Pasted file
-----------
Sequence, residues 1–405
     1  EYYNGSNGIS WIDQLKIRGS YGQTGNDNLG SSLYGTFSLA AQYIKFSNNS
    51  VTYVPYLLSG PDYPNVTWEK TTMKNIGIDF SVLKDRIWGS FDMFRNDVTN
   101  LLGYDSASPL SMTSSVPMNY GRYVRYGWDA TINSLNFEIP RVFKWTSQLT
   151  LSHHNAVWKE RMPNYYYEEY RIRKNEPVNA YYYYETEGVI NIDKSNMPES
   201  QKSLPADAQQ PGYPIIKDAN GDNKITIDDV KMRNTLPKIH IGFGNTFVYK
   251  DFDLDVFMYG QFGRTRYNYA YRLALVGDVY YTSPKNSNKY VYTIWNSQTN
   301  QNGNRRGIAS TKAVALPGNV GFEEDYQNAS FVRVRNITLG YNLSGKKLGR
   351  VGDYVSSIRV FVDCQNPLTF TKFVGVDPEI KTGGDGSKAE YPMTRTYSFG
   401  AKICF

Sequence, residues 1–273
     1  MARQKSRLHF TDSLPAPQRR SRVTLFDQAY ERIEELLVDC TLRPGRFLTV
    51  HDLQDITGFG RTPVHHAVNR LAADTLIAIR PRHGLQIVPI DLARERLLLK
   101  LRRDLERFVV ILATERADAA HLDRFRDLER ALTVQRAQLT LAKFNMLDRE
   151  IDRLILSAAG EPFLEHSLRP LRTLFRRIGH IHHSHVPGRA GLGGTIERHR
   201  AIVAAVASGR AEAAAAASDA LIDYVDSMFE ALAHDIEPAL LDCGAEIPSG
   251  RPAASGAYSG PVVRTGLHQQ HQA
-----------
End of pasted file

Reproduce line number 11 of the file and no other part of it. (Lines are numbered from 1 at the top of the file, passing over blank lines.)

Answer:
Sequence, residues 1–273